Minkowski space is also pseudo Riemannian. It is to a general pseudo Riemannian manifold what Euclidean space is to a Riemannian one. There is a lot of useful geometry going into it. I can understand not letting c = 1 in "modern physics" style courses or very introductory overviews, but as soon as you become only a little more advanced then c = 1 is clearly preferable. For example, I use c = 1 in my SR course at master level, it is definitely not only for "pros".

bob012345
Ibix said:
As @nasu points out, ##LV/c## is the "extra" distance and therefore ##LV/c^2## is the flight time difference for something traveling at ##c##.

You didn't indicate that this paragraph is copy-pasted from the book. In many universities that would get you a plagiarism warning. I don't think we are quite so strict at PF, but it is helpful to indicate which bits of text are quotations you wish to discuss and which are your discussion.
I am sorry I didn't mean to pass on the paragraph as mine. I linked the book I just forgot to put the text in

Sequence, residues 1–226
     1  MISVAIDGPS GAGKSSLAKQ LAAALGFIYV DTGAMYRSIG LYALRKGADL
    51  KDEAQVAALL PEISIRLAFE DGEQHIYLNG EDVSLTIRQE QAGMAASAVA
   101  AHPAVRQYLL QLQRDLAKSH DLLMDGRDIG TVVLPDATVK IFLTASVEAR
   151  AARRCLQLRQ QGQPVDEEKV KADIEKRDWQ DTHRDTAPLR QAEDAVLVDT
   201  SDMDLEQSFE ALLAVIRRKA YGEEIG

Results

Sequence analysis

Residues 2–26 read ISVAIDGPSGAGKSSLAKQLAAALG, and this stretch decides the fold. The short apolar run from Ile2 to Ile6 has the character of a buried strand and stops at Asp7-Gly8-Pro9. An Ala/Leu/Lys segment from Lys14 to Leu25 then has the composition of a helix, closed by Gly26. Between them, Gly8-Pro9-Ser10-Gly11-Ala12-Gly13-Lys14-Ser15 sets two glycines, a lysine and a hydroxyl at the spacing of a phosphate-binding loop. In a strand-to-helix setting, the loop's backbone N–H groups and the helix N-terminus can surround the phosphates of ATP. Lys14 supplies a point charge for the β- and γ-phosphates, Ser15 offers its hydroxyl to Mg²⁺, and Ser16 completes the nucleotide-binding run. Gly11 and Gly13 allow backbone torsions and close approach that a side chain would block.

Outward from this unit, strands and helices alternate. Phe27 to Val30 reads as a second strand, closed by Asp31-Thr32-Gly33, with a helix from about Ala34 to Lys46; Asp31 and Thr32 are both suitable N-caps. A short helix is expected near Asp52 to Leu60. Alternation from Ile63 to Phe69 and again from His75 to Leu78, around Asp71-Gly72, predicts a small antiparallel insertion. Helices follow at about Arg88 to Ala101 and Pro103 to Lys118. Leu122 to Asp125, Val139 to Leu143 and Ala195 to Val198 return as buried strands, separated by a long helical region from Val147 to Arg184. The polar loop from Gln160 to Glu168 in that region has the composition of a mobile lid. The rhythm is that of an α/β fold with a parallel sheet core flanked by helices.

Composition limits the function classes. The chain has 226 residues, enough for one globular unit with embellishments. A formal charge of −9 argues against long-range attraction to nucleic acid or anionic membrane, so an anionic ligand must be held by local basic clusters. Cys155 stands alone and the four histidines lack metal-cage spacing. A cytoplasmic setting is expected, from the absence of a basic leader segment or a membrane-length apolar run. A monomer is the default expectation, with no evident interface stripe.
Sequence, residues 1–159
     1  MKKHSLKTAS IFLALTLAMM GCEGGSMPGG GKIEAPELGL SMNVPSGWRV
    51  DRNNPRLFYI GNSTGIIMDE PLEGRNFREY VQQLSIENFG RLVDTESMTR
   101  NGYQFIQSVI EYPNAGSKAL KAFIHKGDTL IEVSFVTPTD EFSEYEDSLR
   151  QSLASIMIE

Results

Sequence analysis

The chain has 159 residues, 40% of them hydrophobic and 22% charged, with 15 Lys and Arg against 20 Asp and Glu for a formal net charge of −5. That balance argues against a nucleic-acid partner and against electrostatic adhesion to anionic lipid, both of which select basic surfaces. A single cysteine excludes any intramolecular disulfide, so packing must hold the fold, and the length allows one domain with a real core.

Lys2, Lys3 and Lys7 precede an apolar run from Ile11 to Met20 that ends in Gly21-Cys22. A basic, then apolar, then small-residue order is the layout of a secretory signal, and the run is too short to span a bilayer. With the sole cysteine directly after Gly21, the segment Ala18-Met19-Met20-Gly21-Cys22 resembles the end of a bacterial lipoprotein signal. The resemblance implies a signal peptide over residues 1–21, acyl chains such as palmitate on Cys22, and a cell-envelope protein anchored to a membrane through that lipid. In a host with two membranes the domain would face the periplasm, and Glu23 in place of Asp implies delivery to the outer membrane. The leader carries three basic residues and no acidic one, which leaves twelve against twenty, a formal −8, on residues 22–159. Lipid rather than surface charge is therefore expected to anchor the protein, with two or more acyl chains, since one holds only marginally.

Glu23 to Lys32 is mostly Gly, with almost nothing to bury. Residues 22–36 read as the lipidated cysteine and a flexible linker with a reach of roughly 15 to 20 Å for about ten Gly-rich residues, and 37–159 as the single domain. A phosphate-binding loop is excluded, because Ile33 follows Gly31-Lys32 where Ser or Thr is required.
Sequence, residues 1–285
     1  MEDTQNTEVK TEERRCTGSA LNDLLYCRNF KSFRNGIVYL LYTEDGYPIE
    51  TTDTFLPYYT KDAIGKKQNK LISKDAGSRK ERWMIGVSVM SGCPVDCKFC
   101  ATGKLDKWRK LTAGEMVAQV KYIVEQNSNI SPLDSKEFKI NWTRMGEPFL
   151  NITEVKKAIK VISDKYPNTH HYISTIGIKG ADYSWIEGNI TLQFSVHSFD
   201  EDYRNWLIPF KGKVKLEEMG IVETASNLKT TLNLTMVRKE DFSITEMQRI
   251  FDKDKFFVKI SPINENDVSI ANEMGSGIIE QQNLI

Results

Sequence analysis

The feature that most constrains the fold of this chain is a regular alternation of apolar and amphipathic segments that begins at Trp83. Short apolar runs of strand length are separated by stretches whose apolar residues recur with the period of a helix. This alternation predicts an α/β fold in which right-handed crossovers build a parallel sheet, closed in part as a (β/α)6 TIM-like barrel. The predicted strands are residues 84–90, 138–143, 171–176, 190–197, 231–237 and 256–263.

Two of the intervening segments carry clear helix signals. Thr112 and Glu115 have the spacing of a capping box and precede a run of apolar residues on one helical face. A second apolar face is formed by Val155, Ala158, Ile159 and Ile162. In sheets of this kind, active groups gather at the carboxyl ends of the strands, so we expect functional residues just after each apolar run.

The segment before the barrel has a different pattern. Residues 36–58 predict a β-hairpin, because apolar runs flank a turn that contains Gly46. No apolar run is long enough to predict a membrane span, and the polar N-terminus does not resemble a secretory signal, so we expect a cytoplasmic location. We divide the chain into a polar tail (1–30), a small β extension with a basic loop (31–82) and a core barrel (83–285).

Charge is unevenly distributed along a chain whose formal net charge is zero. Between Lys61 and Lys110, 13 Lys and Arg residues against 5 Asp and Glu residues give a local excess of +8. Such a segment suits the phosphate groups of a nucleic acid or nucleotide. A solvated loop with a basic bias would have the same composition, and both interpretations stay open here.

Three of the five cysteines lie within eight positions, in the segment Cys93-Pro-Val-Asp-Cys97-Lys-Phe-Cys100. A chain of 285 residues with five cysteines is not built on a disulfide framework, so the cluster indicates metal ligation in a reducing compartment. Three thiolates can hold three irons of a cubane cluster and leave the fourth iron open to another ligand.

quotes. I thought it was implied because I thought someone would click on the link first before preceding.

Also I understand c = 1 but can be different. It is just in certain instances c = 1, that is all I meant.
Also what is flight time difference ?

rgtr said:
I am sorry I didn't mean to pass on the paragraph as mine. I linked the book I just forgot to put the text in
quotes.
I realized after I read the link. I was just pointing out that that particular piece of carelessness can get you into surprisingly deep trouble in some contexts.
rgtr said:
Also what is flight time difference ?
In all frames except one the forward and backward going light pulses travel different distances. The time they take is the flight time of the light. The difference between the times is the flight time difference.